During this period, the term zhongguo was used in two distinct ways—either in the sense of “Central Kingdom,” to refer to the po­litical unity presumed to have existed during the early Zhou dy­nasty, or in the sense of “central kingdoms,” to refer to the various rival states that occupied China’s Central plains region during the pre-Qin period of disunity. Zhongguo, therefore, has been used as a singular proper name, a collective common noun, and even as a plural term for an assortment of individual entities. It is in this la­tent lexical ambiguity, furthermore, that the contemporary term articulates one of the key characteristics of the national entity it denotes—suggesting that the nation is a plurality masquerading as a singularity, a fundamentally heterogeneous construct striving to reimagine itself as a unitary entity. It becomes clear, therefore, that what we currently refer to as Zhongguo may be regarded as a uni­tary entity only if we simultaneously acknowledge its underlying heterogeneity.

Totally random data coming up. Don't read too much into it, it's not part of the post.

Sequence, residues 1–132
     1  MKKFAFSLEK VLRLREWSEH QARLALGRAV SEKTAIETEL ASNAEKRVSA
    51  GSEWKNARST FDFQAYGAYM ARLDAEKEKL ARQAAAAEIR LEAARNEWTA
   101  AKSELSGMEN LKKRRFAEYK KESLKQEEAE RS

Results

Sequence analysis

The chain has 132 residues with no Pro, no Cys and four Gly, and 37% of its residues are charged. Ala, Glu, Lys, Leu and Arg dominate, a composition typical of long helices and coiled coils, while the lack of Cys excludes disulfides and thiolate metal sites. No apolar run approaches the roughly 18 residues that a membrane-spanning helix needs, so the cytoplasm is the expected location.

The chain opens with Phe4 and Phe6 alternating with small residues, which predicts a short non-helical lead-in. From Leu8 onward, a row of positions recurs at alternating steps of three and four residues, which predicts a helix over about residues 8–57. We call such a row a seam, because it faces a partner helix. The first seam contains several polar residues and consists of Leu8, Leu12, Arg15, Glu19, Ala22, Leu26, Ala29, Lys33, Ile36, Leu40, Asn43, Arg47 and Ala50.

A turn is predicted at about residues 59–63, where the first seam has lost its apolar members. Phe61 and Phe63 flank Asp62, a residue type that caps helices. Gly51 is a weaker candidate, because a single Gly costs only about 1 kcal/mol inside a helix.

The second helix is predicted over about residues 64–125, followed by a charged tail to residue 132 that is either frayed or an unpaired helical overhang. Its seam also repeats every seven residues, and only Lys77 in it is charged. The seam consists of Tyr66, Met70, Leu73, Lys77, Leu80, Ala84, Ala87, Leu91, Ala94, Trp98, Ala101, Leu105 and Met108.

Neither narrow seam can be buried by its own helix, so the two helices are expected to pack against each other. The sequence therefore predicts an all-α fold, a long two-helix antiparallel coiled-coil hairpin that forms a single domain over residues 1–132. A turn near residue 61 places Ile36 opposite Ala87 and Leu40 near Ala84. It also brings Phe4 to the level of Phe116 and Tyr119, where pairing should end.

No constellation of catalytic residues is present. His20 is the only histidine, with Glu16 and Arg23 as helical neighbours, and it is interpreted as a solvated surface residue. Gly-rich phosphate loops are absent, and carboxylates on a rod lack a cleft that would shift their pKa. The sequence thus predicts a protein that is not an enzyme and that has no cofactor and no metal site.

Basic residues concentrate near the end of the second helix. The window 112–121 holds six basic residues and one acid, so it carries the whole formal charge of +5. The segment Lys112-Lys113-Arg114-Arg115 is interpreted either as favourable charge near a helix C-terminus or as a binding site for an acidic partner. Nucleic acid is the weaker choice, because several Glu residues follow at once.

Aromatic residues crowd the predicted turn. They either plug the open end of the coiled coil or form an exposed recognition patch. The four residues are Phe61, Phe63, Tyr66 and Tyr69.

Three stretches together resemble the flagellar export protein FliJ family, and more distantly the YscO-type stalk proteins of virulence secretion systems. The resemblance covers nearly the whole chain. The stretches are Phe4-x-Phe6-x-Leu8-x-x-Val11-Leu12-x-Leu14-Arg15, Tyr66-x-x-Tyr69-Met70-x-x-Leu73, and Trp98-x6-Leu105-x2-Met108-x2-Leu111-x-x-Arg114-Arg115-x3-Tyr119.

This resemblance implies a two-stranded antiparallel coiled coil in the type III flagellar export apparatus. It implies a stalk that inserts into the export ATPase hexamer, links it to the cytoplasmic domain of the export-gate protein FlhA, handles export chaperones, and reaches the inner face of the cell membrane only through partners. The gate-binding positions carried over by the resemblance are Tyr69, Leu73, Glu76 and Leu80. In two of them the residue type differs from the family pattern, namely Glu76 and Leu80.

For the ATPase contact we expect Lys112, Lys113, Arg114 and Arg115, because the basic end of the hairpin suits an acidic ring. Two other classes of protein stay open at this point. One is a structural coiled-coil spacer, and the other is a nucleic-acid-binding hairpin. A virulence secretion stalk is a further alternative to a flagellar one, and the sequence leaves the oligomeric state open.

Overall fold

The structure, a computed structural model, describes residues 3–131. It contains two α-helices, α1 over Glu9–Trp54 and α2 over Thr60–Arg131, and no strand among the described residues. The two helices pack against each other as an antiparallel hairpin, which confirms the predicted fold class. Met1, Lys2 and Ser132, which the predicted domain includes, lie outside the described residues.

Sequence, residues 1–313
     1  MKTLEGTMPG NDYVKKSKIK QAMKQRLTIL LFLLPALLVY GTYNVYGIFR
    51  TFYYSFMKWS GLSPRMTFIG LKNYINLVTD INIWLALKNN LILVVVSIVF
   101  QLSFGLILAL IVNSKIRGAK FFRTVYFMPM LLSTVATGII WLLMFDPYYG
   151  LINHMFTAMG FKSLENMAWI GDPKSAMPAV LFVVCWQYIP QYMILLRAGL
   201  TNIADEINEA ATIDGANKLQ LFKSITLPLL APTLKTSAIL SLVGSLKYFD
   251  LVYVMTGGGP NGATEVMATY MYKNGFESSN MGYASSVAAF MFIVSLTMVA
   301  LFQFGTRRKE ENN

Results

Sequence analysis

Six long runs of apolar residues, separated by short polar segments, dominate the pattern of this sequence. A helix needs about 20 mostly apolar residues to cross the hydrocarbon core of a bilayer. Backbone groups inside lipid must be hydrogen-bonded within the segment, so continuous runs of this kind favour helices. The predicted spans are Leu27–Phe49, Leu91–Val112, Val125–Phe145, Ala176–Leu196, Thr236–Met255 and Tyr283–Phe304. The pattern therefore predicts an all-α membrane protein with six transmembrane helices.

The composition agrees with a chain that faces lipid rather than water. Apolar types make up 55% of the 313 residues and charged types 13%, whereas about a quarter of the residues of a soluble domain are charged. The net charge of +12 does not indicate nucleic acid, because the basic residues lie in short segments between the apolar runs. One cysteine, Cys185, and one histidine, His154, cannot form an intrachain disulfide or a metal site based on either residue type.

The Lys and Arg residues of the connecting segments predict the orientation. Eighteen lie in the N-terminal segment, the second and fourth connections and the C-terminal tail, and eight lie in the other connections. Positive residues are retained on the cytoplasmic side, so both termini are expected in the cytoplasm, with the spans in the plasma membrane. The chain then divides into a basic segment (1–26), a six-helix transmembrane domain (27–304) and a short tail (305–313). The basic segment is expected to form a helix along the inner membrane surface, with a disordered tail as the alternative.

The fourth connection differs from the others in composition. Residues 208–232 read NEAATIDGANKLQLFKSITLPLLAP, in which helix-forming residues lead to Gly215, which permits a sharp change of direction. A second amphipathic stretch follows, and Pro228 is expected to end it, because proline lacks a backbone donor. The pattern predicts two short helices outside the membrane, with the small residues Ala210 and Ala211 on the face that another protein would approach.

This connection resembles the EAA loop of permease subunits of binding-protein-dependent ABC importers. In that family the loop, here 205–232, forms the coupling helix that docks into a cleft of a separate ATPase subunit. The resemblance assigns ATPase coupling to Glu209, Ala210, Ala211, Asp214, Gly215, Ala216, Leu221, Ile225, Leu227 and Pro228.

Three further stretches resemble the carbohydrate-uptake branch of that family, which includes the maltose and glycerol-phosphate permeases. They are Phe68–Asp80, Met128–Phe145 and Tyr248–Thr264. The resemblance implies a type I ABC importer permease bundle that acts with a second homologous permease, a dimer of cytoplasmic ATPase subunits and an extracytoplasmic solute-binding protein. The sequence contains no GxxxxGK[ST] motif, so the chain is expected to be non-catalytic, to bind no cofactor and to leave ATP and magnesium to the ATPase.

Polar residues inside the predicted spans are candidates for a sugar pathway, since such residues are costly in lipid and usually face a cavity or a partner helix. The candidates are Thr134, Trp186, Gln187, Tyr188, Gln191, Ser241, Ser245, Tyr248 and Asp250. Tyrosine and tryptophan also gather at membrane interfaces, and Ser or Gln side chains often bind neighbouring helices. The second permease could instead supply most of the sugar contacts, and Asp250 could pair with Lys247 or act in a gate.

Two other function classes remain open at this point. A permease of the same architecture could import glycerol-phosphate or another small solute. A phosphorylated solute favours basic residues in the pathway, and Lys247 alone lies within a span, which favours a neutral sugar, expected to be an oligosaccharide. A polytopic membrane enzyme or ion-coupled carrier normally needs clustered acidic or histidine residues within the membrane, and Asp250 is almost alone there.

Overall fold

The Western name for China has an equally complicated rela­tionship with its presumptive referent. There is suggestive evidence that the origins of the word China can be traced back to the third — century все Qin (pronounced “ch’in”) dynasty. As early as the first and second centuries се, for instance, the apparent cognates Thinai, Sinai, and Cina appeared in Greek, Roman, and Hindi texts. In China, however, no version of this qin root was used to refer to the nation in Chinese until the late nineteenth century, when the Euro — Japanese cognate Shina was reintroduced from Japan into China (where it was pronounced “zhina” and subsequently fell into disfa­vor on account of its associations with Japanese imperial aggres­sion). To the extent that Shina is transliterated from the Western word China, which itself may very well have been derived from the name of China’s Qin dynasty, the term’s “return” to China in the nineteenth century could be seen as a transliterated transliteration of a transliteration.